32. 32. FTC Staff Report on Privacy December 2010 Said Progress Not Fast Enough Simplified Choice • Consumers should have choice about both data collection and usage • Choice mechanism should be offered at point consumers provide data • “Do Not Track” proposed as simplified choice mechanism • Choice not required for a narrow set of practices – Fulfillment – Internal operations – Fraud prevention – Legal compliance – First-party marketing – Contextual advertising
  33. 33. Behavioral Advertising Litigation RisksLawsuits regarding cookies, flash cookies, super- cookiesUnsettled law  ECPA  CFAAMulti-million dollar Class-action Settlements
  34. 34. Tonia 212.497.7706
  35. 35. Cyber Liability a Board-Level IssueLauri FlorescaPartnerWoodruff-Sawyer & Co.
  36. 36. Cyber Liability: a Board-Level IssueBoards increasingly focused on cyber risk exposures  ERM Risk Oversight Rules adopted by SEC in 2009  Media attention on high profile breaches grows in 2011  SEC issues informal guidance on cyber risk disclosure in October 2011In a technology driven world, most companies have some exposure to cyber liability.  Customer Records  Employee RecordsHow to quantify? And how to remediate?
  37. 37. Average Cost of Breach
  38. 38. SEC Guidance: A Closer LookOctober 2011 SEC guidance suggests that listed companies should add disclosure on cyber liability to their risk factors based on: 1. The “probability of cyber incidents occurring” 2. The “quantitative and qualitative magnitude of those risks”Probability ≈ 100%Magnitude much more difficult to assessSEC also suggests that companies include a description of “relevant insurance coverage”  Not straight-forward  Many different types of insurance policies address cyber liability exposures, and all of them have some coverage limitationsSEC notes that relevant costs may include:  Remediation costs – insurable, sublimits often apply  Increased cyber security protection costs – not generally insurable  Lost revenues resulting from a cyber attack – insurable, significant limitations/waiting periods  Litigation - insurable  Reputational damage – specialized insurance products available, limited in scope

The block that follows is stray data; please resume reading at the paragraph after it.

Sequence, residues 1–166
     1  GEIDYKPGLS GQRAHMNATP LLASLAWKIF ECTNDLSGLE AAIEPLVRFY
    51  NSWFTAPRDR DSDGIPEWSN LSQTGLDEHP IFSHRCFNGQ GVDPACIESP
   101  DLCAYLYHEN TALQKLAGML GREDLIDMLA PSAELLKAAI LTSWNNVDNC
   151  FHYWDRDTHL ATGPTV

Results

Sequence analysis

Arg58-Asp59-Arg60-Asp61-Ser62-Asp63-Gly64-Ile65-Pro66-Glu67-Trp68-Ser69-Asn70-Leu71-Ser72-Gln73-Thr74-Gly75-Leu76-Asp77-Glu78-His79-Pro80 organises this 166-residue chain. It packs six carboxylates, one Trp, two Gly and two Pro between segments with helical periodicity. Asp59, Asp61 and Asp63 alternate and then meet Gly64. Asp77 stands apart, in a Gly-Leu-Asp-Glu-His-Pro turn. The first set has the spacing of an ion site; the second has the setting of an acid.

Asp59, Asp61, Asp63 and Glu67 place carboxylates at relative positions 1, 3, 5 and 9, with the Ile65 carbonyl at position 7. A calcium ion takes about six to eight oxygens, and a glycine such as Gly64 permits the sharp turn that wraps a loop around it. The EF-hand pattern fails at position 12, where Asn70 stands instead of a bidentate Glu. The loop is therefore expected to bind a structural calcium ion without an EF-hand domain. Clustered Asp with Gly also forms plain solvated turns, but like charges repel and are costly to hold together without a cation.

39. 39. Evolution of Cyber Liability Insurance
  40. 40. Why you need Cyber Liability Insurance
  41. 41. Identifying Your Cyber Liability
  42. 42. Third-party v. First-party Coverage
  43. 43. Contract Liability in the CloudGrowth in cloud computing and outsourced I/T function creates new challenges  I/T infrastructure may be improved by outsourcing to a reputable cloud vendor – but lose some elements of control  Will cloud vendor be a more attractive target for a serious hacker (criminal or “hacktivism”?)Compliance with data breach notification rests with the data owner – does not matter if you outsourcing data processing or storageContracts with vendors likely limit their liability – but can vary substantially  Often limited to 12 months of revenue paid to cloud provider  Large cloud providers may offer no indemnity whatsoever under a standard contract, wiling to negotiate for large customersMake sure that your cyber liabialty insurance extends coverage in the event your data is breached while under control of a third partyNegotiate with vendor to maximize your chance of recovery if a breach is their faultAsk your vendor for confirmation of their coverage – for them, falls under traditional technology “E&O” coverage module
  44. 44. Q&A